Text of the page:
Using the logistic model, growth-rate (r expressed as h−1) and maximum-population-density (K expressed as OD600 nm) parameters were defined for each temperature (4, 13, 20, 30, 37°C) and pressure (0.1, 10, 22, 30, 40 MPa) conditions (Fig. S1). Figure 2 presents the model curves fitting with empirical data obtained at 13°C and 30°C, for all tested pressures. The model parameters have been estimated qualitatively using the confidence interval of the logistic growth curves.
Figure 2. Example of logistic model fitting empirical growth data of P. phosphoreum ANT-2200.
Experiments were done at pressures of 0.1, 10, 22, 30 and 40 MPa and at temperatures of 13°C and 30°C. The logistic model (line) improves the r and K parameter estimation on empirical growth data (dots). Dashed lines are levels of confidence for the 0.05 and 0.95 quantile curves and the 0.25 and 0.75 quantile curves. Mean +/− standard deviation for growth rate (r, h−1) and maximum population density (K, OD600 nm) parameters are indicated. The dotted frame is the growth curve under optimum pressure and temperature conditions using both r and K parameters. The solid line frame is the growth curve under in situ conditions, at 22 MPa and 13°C. N is the number of replicates done for the same pressure and temperature conditions.doi:10.1371/journal.pone.0066580.g002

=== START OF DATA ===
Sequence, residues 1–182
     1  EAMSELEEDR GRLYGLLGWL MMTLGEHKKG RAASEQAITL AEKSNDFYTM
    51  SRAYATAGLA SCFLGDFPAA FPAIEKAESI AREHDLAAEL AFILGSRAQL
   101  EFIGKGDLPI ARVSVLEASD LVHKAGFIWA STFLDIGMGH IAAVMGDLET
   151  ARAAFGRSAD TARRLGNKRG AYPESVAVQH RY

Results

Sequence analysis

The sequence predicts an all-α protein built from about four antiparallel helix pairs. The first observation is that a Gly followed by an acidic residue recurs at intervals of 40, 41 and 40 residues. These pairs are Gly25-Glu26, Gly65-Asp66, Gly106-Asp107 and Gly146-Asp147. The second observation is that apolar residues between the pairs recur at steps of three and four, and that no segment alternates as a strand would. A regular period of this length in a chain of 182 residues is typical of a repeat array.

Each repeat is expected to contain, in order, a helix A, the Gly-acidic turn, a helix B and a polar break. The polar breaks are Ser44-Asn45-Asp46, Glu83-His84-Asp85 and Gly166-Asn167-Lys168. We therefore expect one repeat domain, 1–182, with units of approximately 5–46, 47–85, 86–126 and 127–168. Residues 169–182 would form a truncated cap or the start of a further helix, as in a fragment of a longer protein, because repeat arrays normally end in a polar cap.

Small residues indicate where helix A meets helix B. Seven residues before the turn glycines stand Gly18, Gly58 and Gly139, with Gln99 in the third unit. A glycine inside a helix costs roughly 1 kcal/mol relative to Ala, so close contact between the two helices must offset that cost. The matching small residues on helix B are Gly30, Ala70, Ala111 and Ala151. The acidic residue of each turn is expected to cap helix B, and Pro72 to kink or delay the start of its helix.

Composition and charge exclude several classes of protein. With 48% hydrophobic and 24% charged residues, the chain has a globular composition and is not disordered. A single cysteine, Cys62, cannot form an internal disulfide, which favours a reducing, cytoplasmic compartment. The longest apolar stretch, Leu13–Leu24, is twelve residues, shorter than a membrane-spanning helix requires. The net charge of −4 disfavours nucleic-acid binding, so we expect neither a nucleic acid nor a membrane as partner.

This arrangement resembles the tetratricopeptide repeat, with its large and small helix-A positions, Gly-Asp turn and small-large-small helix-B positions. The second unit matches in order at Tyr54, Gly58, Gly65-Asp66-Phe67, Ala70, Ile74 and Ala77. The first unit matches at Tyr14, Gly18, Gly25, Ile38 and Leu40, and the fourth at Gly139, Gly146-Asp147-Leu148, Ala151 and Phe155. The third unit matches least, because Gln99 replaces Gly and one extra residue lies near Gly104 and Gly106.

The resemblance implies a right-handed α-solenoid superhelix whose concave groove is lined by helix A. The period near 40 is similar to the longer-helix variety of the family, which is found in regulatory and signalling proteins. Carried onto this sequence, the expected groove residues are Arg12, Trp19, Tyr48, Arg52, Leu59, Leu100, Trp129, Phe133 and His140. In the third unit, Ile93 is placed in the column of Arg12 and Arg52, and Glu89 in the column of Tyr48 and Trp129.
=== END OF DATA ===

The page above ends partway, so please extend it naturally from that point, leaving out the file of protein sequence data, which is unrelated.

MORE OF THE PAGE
The r and K parameters were used to construct the extrapolated-contour diagram of their temperature-pressure dependence (Fig. 3 A and Fig. 3 B, respectively). P. phosphoreum ANT-2200 was able to grow at hydrostatic pressures ranging from 0.1 to 40 MPa and at temperatures ranging from 4 to 37°C. The strain grew very slowly at 4°C, with a minimum r value obtained at 0.1 MPa (0.058 ± 0.014 h−1) and a low K of 0.167 ± 0.032 (Fig. 3 A). The higher r values were observed at 30°C/0.1 MPa and at 37°C/40 MPa (0.624 ± 0.035 h−1 and 0.596 ± 0.038 h−1 respectively, Fig. 3 A). While growth rates appeared to depend on temperature, pressure did not clearly affect it, at least in the tested range (Fig. 3 A). Furthermore, the stationary phase was very short with fast and strong cell lyses at 37°C for all pressures (Fig. S1). In opposition to what is generally observed , , it was not possible to define the pressure affinity of strain ANT-2200 using the growth rate only. Therefore, we also used the same approach to overlook the effect of temperature and pressure conditions on maximum population density reached by strain ANT-2200. Interestingly, both influenced K and for all tested conditions, the highest value (0.512 ± 0.011 OD600 nm) was observed at 30°C and 10 MPa (Fig. 3 B). While the growth rate is commonly the main growth parameter used in microbiology, our experiments show that the maximum population density has a strong influence on the definition of the optimal conditions for growth. So, we propose to cross the r and K parameters (using the Cr–K coefficient) in order to define these optima (in our case, temperature and pressure). An extrapolated-contour diagram was drawn for the cross coefficient Cr–K (Fig. 4 A). The standard deviation, associated to the Cr–K coefficient, was calculated using the confidence-interval estimation on parameters from the logistic model and illustrated in Figure 4 B. The standard-deviation values were one order below the cross-coefficient values, meaning that the cross-coefficient interpretation was robust. The highest Cr–K coefficient value (0.78) was found at 30°C and 10 MPa (Fig. 4 A). These optima allowed characterizing strain ANT-2200 as mesophile and moderately piezophile . As previously observed , the optimal pressure for piezomesophiles is often found lower than their habitat pressure, while their optimal temperature is higher than their habitat temperature. Different hypotheses can be evoked to explain the temperature shift  (1) inheritance from ancestors who lived in a warmer environment or (2) life in warmer temperatures in the gut of deep-sea animals. Even if we identified optimal conditions for growth at 30°C and 10 MPa, we decided to perform further experiments at in situ conditions (13°C) and to compare atmospheric pressure (0.1 MPa) to high pressure (22 MPa). This allowed to checking the piezophilic character of strain ANT-2200 and studying its morphology and its fatty-acid composition, known to be affected by hydrostatic pressure , , . The pressure-dependent (0.1 versus 22 MPa, 13°C) bioluminescence activity of P. phosphoreum ANT-2200 was also characterized.